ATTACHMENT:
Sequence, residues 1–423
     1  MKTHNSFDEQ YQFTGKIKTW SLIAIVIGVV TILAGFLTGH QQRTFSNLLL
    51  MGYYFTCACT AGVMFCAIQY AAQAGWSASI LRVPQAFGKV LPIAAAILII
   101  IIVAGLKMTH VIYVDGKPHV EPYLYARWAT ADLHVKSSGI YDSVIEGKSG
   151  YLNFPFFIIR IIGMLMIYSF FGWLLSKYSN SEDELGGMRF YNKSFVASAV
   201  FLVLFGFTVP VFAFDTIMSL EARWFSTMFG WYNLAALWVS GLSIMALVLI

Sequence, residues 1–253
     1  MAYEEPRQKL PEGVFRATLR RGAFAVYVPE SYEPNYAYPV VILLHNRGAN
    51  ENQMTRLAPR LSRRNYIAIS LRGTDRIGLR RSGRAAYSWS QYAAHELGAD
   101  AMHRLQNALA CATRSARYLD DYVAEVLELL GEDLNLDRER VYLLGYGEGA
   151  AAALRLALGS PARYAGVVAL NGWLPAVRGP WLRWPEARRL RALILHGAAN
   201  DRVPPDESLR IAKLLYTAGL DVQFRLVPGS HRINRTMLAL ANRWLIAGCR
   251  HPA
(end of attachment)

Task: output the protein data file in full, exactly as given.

Sequence, residues 1–423
     1  MKTHNSFDEQ YQFTGKIKTW SLIAIVIGVV TILAGFLTGH QQRTFSNLLL
    51  MGYYFTCACT AGVMFCAIQY AAQAGWSASI LRVPQAFGKV LPIAAAILII
   101  IIVAGLKMTH VIYVDGKPHV EPYLYARWAT ADLHVKSSGI YDSVIEGKSG
   151  YLNFPFFIIR IIGMLMIYSF FGWLLSKYSN SEDELGGMRF YNKSFVASAV
   201  FLVLFGFTVP VFAFDTIMSL EARWFSTMFG WYNLAALWVS GLSIMALVLI

Sequence, residues 1–253
     1  MAYEEPRQKL PEGVFRATLR RGAFAVYVPE SYEPNYAYPV VILLHNRGAN
    51  ENQMTRLAPR LSRRNYIAIS LRGTDRIGLR RSGRAAYSWS QYAAHELGAD
   101  AMHRLQNALA CATRSARYLD DYVAEVLELL GEDLNLDRER VYLLGYGEGA
   151  AAALRLALGS PARYAGVVAL NGWLPAVRGP WLRWPEARRL RALILHGAAN
   201  DRVPPDESLR IAKLLYTAGL DVQFRLVPGS HRINRTMLAL ANRWLIAGCR
   251  HPA